Dr. Moore’s interest also grew in palliative care, focusing on comfort for those with serious illnesses and typically at the end of life. Before palliative care became the official discipline it is today, Dr. Moore made house calls to help her patients and their families find peace and dignity in life’s final stages.
“In my life as a doctor, one of the most important lessons I learned was that I may not be able to cure everyone, but I can make death better,” she said. “So if I couldn’t make you well, I could certainly try to keep you from hurting.”
Dr. Moore became acquainted with St. Jude Children’s Research Hospital in Memphis. She began referring patients there, and started attending yearly conferences with other referring physicians across the country. This relationship developed throughout the years, and in the early ʻ90s she was asked about opening an affiliate clinic in Baton Rouge.
She agreed. She chose to set up the clinic at Our Lady of the Lake Children’s Health, which had shown the greatest interest in pediatric medicine among local hospitals. In 1998, with a bare-bones staff, St. Jude Baton Rouge Affiliate Clinic opened its doors.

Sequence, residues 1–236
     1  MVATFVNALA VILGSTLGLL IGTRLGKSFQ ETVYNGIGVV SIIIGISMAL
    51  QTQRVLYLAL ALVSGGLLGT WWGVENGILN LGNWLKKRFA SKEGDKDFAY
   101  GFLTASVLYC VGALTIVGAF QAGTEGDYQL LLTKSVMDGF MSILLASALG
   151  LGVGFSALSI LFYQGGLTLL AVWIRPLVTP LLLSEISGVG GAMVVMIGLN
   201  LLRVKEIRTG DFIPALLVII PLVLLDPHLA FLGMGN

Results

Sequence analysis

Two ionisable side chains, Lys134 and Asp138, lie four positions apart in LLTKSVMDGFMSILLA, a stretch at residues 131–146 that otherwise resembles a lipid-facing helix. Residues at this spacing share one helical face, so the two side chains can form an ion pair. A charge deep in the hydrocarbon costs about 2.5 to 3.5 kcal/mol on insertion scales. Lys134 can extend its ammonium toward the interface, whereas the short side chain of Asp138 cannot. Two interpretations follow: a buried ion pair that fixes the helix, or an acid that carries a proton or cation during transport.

Today, the clinic has 23 team members — including four physicians, two physician assistants, one pediatric nurse practitioner, eight nurses, a child life specialist, and a supporting team dedicated to caring for patients. The clinic is on the third floor of the Medical Plaza, and has had to expand to accommodate more patients. There were more than 2,300 appointments to the affiliate clinic last year alone.
Today, Jeff Deyo, MD, serves as medical director of the St. Jude Baton Rouge Affiliate Clinic.
“It was really a dream job for me to join the St. Jude family and benefit from Dr. Moore’s experience as I was getting started in my career,” Deyo said. “Dr. Moore gave me a lot of practical wisdom in caring for patients, and she trained me to value the patient’s social context much more highly. Her success is rooted in her desire to do whatever is necessary to provide the best care for the patient.”
Carolyn Russo, MD, medical director of St. Jude Children’s Research Hospital's affiliate program in Memphis, has also worked closely with Dr. Moore during her career.